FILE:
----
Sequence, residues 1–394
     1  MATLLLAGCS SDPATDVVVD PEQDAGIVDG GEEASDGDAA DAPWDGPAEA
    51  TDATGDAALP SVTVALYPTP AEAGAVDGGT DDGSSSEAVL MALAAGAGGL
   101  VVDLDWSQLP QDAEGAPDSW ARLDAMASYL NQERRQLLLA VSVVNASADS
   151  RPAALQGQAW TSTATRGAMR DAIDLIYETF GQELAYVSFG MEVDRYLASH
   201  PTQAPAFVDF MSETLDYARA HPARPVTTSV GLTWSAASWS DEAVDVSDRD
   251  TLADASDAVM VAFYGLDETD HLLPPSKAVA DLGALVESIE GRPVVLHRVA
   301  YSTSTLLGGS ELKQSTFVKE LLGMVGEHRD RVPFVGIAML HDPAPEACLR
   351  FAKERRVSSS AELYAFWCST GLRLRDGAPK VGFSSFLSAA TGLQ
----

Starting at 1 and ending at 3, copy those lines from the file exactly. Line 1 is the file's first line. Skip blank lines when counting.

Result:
Sequence, residues 1–394
     1  MATLLLAGCS SDPATDVVVD PEQDAGIVDG GEEASDGDAA DAPWDGPAEA
    51  TDATGDAALP SVTVALYPTP AEAGAVDGGT DDGSSSEAVL MALAAGAGGL